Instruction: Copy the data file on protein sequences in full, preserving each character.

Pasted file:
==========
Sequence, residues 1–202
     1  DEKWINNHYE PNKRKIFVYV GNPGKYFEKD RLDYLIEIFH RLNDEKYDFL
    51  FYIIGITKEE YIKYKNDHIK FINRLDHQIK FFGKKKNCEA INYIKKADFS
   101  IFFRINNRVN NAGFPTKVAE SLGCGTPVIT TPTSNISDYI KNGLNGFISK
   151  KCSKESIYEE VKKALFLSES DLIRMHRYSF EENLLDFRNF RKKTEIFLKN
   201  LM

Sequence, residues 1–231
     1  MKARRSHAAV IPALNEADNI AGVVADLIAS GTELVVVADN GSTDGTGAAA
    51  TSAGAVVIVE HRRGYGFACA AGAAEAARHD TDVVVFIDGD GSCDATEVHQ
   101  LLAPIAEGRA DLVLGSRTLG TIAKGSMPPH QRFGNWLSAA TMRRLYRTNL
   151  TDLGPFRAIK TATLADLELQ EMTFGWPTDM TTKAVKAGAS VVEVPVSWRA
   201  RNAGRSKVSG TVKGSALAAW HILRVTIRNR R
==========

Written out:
Sequence, residues 1–202
     1  DEKWINNHYE PNKRKIFVYV GNPGKYFEKD RLDYLIEIFH RLNDEKYDFL
    51  FYIIGITKEE YIKYKNDHIK FINRLDHQIK FFGKKKNCEA INYIKKADFS
   101  IFFRINNRVN NAGFPTKVAE SLGCGTPVIT TPTSNISDYI KNGLNGFISK
   151  KCSKESIYEE VKKALFLSES DLIRMHRYSF EENLLDFRNF RKKTEIFLKN
   201  LM

Sequence, residues 1–231
     1  MKARRSHAAV IPALNEADNI AGVVADLIAS GTELVVVADN GSTDGTGAAA
    51  TSAGAVVIVE HRRGYGFACA AGAAEAARHD TDVVVFIDGD GSCDATEVHQ
   101  LLAPIAEGRA DLVLGSRTLG TIAKGSMPPH QRFGNWLSAA TMRRLYRTNL
   151  TDLGPFRAIK TATLADLELQ EMTFGWPTDM TTKAVKAGAS VVEVPVSWRA
   201  RNAGRSKVSG TVKGSALAAW HILRVTIRNR R